Slide 46 of 52: Locations don’t come much more inspiring than that occupied by Yonder Escalante, launched in fall 2020. The chic and cozy Airstream trailers and cabins are dotted around the site of an old drive-in movie theater, within Grand Staircase-Escalante National Monument and close to Bryce Canyon National Park. Lovely touches such as outdoor showers, a nightly bonfire with s’mores and outdoor film screenings really make the most of the incredible surroundings. See the official website for information on the resort’s COVID-19 measures, including enhanced cleaning and flexible booking.
Slide 47 of 52: There are only four bedrooms in this cute and quirky inn and each is beautifully decadent and stuffed with locally made furniture and bold artworks. Made INN Vermont describes itself as a ‘living museum’, though the emphasis is very much on the living. The inn was built in 1881 and has been funked-up without losing period details. Stays include cooked-to-order breakfasts and complimentary locally made snacks in the room.
Slide 48 of 52: There are just three, perfectly positioned cabins on the gorgeous grounds of Rose River Farm. The cabins are designed in the style of Mongolian yurts but constructed with cedar, glass and steel for a more modern feel. They’re huge inside – more like large apartments – with two bedrooms and two bathrooms. But really you’ll want to spend most of your time outdoors. This is a popular fishing spot, with a pond stocked with bass and trout, while the cabins open up to views of Old Rag Mountain and the Rose River Valley. Guests are asked to bring their own blankets and bedspreads due to COVID-19, though sheets and towels will be provided.
Slide 49 of 52: The six cozy treehouses at this serene retreat, just half an hour from Seattle, are tucked amid cedar and towering Douglas fir trees, with birdsong and the Raging River below providing a soothing soundtrack. Breakfast is provided and there are several restaurants within driving distance, though it’s recommended that guests pick up some picnic provisions to make the most of their stay. Guests must wear masks in common areas and both stays and tours must be scheduled in advance.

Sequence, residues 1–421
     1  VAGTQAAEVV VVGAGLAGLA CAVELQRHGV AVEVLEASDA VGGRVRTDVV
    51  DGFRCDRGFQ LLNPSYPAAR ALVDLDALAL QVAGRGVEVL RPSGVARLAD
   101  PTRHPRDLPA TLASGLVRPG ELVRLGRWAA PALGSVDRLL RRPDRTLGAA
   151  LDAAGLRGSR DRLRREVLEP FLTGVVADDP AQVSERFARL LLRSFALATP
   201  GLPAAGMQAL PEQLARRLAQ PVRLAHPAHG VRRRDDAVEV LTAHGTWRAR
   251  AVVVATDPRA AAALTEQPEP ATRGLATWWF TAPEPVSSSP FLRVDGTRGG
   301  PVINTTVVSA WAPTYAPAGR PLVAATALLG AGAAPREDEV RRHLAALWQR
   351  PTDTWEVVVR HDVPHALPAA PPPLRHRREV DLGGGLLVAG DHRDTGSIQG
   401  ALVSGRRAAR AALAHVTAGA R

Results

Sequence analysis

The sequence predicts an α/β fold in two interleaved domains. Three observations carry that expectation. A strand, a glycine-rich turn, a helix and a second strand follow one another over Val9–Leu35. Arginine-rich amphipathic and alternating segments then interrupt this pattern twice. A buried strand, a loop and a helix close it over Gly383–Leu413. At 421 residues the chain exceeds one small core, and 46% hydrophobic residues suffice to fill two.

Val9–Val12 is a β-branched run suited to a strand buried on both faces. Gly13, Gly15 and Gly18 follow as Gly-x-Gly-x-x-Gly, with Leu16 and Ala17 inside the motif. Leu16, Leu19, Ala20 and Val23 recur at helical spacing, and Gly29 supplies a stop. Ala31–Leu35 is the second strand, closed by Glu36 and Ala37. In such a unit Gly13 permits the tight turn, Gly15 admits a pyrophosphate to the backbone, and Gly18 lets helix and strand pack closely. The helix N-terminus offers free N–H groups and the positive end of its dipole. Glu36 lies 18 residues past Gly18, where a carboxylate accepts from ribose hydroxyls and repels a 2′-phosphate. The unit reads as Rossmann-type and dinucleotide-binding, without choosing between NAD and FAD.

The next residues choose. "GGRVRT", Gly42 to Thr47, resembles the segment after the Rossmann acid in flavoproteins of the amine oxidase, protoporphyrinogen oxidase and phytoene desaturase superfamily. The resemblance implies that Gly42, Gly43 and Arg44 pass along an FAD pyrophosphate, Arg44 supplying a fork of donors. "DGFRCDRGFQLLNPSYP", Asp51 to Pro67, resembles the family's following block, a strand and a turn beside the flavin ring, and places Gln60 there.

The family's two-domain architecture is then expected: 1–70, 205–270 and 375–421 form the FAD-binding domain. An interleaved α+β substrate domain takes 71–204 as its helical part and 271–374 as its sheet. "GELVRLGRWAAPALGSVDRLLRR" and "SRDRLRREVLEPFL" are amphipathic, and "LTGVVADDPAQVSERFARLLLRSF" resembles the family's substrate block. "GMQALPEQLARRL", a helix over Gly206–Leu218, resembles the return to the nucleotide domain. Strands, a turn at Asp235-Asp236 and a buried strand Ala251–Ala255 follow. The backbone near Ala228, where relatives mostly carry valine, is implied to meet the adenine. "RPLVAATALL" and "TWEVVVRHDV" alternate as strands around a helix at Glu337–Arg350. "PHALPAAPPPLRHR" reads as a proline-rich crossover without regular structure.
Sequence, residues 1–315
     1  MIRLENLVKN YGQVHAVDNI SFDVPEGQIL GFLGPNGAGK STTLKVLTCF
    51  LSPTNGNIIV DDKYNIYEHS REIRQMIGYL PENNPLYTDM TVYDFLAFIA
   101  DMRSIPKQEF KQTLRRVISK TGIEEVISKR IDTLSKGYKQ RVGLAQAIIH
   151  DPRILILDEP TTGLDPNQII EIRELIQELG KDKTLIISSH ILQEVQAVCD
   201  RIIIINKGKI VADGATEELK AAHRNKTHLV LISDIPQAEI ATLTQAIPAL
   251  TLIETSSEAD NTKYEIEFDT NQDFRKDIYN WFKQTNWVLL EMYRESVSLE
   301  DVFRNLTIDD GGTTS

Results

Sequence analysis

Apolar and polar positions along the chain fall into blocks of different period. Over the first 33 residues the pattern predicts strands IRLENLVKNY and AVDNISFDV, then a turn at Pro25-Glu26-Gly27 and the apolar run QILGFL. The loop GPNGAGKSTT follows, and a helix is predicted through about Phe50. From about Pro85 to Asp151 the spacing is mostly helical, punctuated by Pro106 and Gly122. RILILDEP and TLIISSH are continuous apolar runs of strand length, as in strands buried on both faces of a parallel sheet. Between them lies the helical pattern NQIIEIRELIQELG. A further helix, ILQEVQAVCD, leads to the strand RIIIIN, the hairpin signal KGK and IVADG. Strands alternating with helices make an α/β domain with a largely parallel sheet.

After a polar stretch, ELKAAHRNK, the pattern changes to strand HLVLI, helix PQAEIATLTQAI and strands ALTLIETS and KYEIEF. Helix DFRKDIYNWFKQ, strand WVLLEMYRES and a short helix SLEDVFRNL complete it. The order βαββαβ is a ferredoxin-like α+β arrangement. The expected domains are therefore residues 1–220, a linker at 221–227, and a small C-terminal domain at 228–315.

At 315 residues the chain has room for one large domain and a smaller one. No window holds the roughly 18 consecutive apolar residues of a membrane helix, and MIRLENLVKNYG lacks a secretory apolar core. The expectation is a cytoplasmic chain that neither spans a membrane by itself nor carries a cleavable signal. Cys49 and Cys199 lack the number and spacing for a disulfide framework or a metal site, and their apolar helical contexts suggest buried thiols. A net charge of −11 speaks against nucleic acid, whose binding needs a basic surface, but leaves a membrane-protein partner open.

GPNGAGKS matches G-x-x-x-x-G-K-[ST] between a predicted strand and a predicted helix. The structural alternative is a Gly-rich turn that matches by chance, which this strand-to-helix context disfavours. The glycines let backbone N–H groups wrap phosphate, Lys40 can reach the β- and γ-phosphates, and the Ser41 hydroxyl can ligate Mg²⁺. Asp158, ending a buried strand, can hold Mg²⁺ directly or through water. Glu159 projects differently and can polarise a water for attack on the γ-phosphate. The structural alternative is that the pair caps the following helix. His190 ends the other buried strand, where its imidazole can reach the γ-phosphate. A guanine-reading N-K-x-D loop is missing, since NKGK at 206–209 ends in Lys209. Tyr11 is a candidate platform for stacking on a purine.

Slide 50 of 52: Thorny Mountain Fire Tower, available for stays between May and October, sits on a high perch gazing across Seneca State Forest and, at night, up to dark skies dense with stars. With no electricity or Wi-Fi, this is about getting back to basics and soaking up the spectacular forest, mountain and valley views. Three flights of stairs lead to the bedroom, while there’s an outhouse and fire ring at the base.
Slide 51 of 52: Made with reclaimed glass walls and a recycled tin roof, the Glass House at Candlewood Cabins is a glorious woodland retreat. One of a handful of upscale cabins on the site and available between April and November, the Glass House is tucked among the rolling hills of the Richmond County countryside with fishing, birding and hiking a short distance from the door. The inside is stylishly decorated and wonderfully cozy, with a bath and kitchenette accessed via a footbridge.
Slide 52 of 52: This iconic Wild West–style hotel, just outside Yellowstone National Park, was opened by William ‘Buffalo Bill’ Cody in 1902. The Civil War soldier named the place after his daughter, and guests can stay in his personal suite. The highlight, though, must be the restaurant’s beautiful cherrywood bar – a gift from Queen Victoria. Guests can sit here or take a pew on the porch, from which Bill and Irma used to watch the Cody Gunfighters Show. Want more? Read on for rooms with a boo: the most haunted hotel in every state.

Nights beyond the norm

Why stay in a boringly beige B&B when you could spend the night in a (former) prison? How about a fire tower perched above a canyon – or an eco-home, built from adobe mud and old tires, in the middle or the New Mexican desert? The USA is so rich in unusual and uniquely fascinating places to spend a night or three, that there’s really no need to settle for a humdrum hotel again. Here’s our selection of the best unusual stay in every state and DC. If you’re planning to hole up in any of these quirky spots, be sure to check state travel advisories before you head out. 

Alabama: The Scott & Zelda Fitzgerald Museum, Montgomery